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Discussion Starter · #1 ·
While driving my 2005 Chrysler Town & Country, I started getting a vibration in the front end. I decided to head for home, driving very slowly. I was going about 5 or 10 mph while making a left turn when the right front wheel came off the rotor and the van dropped to the pavement, scraping along for 2 or 3 feet. All of the studs that hold the lug nuts were sheared flush. The drop from suddenly losing the wheel damaged the right front fender, which now interferes with the front passenger door - it cannot be fully opened.

The van has 244,000 miles on it, has un-repaired collision damage on the right rear quarter panel, rocker panel rust, dog leg and rear wheel well rust, hood and right front fender rust. It also needs a new window regulator on the driver's side front, new blower motor for the front heater, and new rear shocks. I have just been using it as a vehicle to transport dogs, building materials, and yard waste. It is not my primary vehicle, but it does serve a purpose, even if it looks like an eyesore.

Prior to losing the wheel, I was planning on replacing the window regulator, blower motor, and rear shocks. But losing a wheel and dropping to the pavement and scraping for a few feet had to cause some damage. If I were to assess whether the van can be made safely drive-able, and at what cost, what kind of front end/suspension damage should I be looking for?
 

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Discussion Starter · #4 ·
I am going to take a look at it tomorrow and will take some photos. Forgot to mention that the van was dragged up on to a flat bed tow truck to get it off the street. That probably could not have helped, either. I am capable of doing brake work, but have have never done suspension or steering component work. If it's just a rotor replacement, then I may give it a shot. Still have the issue with the damaged fender preventing the passenger door from completely opening.
 

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Discussion Starter · #8 ·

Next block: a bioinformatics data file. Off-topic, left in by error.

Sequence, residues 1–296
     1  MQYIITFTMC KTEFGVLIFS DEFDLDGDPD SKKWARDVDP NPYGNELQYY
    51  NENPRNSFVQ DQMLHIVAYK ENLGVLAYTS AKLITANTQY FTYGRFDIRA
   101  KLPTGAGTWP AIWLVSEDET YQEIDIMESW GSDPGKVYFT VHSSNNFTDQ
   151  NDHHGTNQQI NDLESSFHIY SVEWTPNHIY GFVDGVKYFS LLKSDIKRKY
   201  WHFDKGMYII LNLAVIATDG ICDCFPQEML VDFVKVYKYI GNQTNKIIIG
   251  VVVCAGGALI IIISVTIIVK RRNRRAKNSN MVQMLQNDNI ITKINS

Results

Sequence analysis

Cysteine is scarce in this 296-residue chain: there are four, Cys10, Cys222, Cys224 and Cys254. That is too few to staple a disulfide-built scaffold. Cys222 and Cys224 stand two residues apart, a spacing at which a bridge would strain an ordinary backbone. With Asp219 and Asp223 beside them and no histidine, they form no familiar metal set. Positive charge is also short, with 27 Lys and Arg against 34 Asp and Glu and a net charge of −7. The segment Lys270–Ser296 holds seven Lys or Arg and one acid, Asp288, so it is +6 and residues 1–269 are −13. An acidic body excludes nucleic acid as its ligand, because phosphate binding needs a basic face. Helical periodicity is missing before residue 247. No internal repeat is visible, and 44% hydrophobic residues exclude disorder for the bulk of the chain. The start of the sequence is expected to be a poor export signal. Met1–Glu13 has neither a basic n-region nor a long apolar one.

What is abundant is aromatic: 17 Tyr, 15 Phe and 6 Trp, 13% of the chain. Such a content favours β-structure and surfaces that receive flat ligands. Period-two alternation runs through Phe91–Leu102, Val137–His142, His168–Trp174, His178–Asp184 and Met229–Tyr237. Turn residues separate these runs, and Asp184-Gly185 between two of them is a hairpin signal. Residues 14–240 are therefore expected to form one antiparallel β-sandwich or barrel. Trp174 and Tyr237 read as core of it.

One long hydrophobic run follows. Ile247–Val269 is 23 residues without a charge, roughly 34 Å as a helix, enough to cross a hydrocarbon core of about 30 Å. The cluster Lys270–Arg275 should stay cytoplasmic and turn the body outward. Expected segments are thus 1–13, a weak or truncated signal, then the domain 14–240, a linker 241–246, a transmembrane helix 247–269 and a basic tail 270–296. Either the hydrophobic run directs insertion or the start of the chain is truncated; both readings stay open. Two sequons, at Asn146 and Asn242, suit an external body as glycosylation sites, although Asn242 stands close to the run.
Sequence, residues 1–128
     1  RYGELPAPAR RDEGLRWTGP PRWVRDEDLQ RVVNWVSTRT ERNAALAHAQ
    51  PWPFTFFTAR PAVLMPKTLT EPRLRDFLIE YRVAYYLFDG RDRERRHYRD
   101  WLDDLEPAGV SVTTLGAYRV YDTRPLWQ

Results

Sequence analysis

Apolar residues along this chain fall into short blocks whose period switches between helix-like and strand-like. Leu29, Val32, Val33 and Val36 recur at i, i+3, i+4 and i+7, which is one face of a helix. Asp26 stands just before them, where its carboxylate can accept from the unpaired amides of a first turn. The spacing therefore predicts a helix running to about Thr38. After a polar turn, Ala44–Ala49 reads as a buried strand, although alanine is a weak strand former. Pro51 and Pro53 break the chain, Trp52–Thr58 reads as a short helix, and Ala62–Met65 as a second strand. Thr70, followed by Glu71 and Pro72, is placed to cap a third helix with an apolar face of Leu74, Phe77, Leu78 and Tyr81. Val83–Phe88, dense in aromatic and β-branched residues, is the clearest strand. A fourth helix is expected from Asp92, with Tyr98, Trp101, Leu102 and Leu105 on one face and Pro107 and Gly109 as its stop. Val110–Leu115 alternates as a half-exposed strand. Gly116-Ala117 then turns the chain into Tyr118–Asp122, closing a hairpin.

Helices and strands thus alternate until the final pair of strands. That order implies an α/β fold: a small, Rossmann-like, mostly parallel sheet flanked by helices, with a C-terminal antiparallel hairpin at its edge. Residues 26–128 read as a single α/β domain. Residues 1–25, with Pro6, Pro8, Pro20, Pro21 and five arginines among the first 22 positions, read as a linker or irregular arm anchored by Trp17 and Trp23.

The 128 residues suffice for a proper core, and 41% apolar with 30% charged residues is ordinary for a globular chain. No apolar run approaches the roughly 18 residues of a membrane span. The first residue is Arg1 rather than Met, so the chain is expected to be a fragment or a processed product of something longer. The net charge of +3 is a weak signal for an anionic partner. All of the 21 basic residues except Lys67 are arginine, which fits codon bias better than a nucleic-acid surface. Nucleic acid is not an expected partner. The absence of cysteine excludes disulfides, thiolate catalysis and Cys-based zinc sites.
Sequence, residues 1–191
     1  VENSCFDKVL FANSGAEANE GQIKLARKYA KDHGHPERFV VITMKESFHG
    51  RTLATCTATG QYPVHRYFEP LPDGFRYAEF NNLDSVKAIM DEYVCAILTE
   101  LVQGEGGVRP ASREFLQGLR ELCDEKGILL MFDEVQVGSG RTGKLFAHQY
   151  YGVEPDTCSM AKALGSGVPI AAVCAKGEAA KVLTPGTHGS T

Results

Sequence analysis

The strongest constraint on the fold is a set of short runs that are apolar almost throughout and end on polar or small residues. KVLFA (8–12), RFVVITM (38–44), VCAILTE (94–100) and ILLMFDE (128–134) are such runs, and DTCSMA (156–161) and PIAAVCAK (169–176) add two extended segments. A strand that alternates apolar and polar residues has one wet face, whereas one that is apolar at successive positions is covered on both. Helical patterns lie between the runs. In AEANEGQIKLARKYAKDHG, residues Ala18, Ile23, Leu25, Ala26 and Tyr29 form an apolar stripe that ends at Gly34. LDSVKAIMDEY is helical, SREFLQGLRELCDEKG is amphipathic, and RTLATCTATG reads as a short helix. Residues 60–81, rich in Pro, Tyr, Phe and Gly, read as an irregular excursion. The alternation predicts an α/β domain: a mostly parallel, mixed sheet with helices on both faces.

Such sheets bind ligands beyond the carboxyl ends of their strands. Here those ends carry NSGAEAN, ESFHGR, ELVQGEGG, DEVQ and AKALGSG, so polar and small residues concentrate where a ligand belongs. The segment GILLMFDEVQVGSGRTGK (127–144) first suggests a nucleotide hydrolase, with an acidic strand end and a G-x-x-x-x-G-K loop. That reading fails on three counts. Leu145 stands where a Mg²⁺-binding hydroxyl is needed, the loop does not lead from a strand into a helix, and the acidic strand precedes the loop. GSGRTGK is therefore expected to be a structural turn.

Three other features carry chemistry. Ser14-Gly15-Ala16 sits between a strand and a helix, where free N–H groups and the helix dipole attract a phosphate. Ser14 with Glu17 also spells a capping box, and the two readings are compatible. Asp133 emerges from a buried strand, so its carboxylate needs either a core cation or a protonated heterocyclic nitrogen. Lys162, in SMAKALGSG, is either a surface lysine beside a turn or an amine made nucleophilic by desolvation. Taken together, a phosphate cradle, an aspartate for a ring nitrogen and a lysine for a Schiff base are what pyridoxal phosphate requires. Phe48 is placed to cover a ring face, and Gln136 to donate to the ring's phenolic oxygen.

thanks for all the suggestions. I looked at the online manual for my vehicle on alldata.com. The technique they describe for replacing the studs might not work for me since the studs were sheared off flush with the rotor. Based on the responses that the van is likely repairable, I might just have the car towed from the impound lot to a nearby shop to have new studs installed, and also to have a mechanic inspect the steering and suspension.
 

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Discussion Starter · #12 · (Edited)
Thanks again for the ideas. I had it towed to a shop to have the suspension and steering inspected. If the damage is not too severe, I may just fix it and keep driving it. I've burned myself in the past by hanging on/repairing something long after it should have been recycled or junked. I don't want to repeat that behavior with this van, when it might be more prudent just to move on to another vehicle. As I mentioned in the first post, the van is not in the best shape, but it is still useful as a vehicle for hauling dogs, building supplies, firewood, etc. What is interesting is in 2013 it was accident free and still in pretty good shape. I even had body work done to keep it looking good, and would never have considered it a utility vehicle. But a couple of crunches to rear quarter panel, the relentless march of rust, and all of a sudden the van is beater.